In my non-professional, amateur opinion 93E needs to be given a red circle in a Special Tropical Weather Outlook soon. All of the global models make this a tropical storm within 24 hours and it is already technically very organized.

...Where did everybody run off to?



That is one pretty invest.
And I'm liking its track. Go 93E! XD

Member Since: September 4, 2007 Posts: 7 Comments: 8747
1316. MAweatherboy1
1:25 AM GMT on June 10, 2012
Quoting TropicalAnalystwx13:

I'm going to say D. for me, but a major hurricane is definitely a possibility if it can take advantage of the absolute peak favorable conditions between 48-72 hours out. Heat content will be barely favorable for it to strengthen unusually rapid, but I could definitely see a Category 2 hurricane out of this (not that I showed that in my blog :P)

I read your blog! I was even nice enough to plus it :P
Member Since: February 11, 2012 Posts: 84 Comments: 7948
1315. TropicalAnalystwx13
1:22 AM GMT on June 10, 2012
Quoting MAweatherboy1:
Poll: What will 93E peak as

A. It won't develop further
B. Weak/Moderate TS
C. Strong TS
D. Cat 1/2 Hurricane
E. Major Hurricane

I say D 75mph.

I'm going to say D. for me, but a major hurricane is definitely a possibility if it can take advantage of the absolute peak favorable conditions between 48-72 hours out. Heat content will be barely favorable for it to strengthen unusually rapid, but I could definitely see a Category 2 hurricane out of this (not that I showed that in my blog :P)
Member Since: July 6, 2010 Posts: 113 Comments: 32529
1314. MAweatherboy1
1:20 AM GMT on June 10, 2012
Poll: What will 93E peak as...

A. It won't develop further
B. Weak/Moderate TS
C. Strong TS
D. Cat 1/2 Hurricane
E. Major Hurricane

I say D 75mph.
Member Since: February 11, 2012 Posts: 84 Comments: 7948
1313. windshear1993
1:16 AM GMT on June 10, 2012
Quoting allancalderini:
Not by some old friends nor the 10,000 dead families.if you come and say this in the place I am right now many would call you insensitive but to tell you the truth Fifi was worse in the north coast than Mitch was.Mitch was worse in Central Honduras in cities like Tegucigalpa. Fifi is a storm my family can`t forget my mom lost three cousins with her my grandma house was flooded.
oh sorry
Member Since: June 1, 2012 Posts: 0 Comments: 80
1312. Jedkins01
1:12 AM GMT on June 10, 2012
Quoting 1900hurricane:
I don't know for sure (I don't have all of the tools nor the complete knowledge to verify), but I think the flooding that has plagued areas of the middle Gulf coast might have been caused by low echo centroid (LEC) storms. Such storms are characterized by warmer, lower topped convection, very high PWs in excess of 2.0 inches, and extreme rainfall totals. They are generally tropical in nature and most of the storms's reflectivity is below the freezing layer, which means they are exceptionally efficient rainmakers. Radar often has the tendency to underestimate their rainfall totals.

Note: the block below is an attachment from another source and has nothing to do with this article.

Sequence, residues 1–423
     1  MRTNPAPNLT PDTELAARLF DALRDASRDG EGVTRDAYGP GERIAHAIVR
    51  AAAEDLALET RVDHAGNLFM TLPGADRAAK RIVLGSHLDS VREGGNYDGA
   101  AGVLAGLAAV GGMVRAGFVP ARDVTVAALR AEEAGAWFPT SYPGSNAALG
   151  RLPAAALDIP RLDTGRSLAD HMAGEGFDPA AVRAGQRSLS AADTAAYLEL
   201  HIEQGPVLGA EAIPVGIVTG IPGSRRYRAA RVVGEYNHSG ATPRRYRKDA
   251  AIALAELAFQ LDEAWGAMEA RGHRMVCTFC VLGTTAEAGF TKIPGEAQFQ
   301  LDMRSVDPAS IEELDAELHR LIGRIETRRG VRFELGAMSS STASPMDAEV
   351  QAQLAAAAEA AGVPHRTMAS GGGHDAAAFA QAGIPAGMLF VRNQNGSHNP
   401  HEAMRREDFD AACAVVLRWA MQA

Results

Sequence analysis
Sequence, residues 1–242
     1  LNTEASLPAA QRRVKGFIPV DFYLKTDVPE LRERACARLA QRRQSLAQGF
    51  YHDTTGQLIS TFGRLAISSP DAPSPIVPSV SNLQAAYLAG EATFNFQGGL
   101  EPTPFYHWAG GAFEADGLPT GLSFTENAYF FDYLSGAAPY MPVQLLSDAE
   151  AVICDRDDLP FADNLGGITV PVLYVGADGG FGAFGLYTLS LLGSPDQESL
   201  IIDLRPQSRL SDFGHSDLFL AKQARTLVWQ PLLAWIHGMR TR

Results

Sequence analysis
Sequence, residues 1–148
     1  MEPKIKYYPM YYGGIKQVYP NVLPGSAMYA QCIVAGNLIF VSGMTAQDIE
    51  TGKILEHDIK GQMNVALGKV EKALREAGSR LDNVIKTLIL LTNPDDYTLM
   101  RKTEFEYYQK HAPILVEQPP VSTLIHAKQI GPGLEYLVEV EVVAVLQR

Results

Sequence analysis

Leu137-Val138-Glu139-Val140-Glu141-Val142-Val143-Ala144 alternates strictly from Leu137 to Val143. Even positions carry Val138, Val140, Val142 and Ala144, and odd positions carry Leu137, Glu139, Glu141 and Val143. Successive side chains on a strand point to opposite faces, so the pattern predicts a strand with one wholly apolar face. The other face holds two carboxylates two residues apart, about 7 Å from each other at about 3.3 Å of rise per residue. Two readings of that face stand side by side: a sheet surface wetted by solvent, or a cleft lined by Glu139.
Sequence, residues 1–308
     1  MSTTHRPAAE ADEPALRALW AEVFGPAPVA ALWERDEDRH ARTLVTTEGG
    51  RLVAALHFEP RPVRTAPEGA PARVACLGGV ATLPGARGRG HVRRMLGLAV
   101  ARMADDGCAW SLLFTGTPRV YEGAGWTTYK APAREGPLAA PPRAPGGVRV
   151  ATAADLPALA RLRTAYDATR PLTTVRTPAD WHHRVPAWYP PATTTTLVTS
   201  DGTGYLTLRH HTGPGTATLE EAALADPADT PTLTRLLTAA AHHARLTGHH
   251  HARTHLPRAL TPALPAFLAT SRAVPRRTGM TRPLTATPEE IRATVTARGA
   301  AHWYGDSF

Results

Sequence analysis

Warm Rain Processes and Low Echo Centroid Storms




This also applies to all convection of tropical nature whether shallow or tall. Even with much taller convective cells, you have a massive amount of water vapor near the lower quadrant of the cell, the farther up the warmer air extends and the higher the atmospheric moisture the more this process is intensified. As you might already know with tropical cyclones, they are quite shallow, however this is despite that convective cells frequently reach 45 to 55,000 ft near the core. Basically most of the "weather" in a tropical convective cell is near the lower quadrant, or should I say increases as you head toward the base. This is why reflectivity with tropical cyclones is ofen much less impressive than what it's like to actually experience. Often what appears to be moderate rain can actually be heavy convection with torrential downpours. I learned growing up around here that you better find an ark quick when you start seeing 50 TO 60 dbz in tropical cyclone rain bands. The opposite occurs with more "cold cored" convection. Often times the radar thinks it is heavier than it is due to more ice and lower mass of water vapor and liquid water falling to the ground.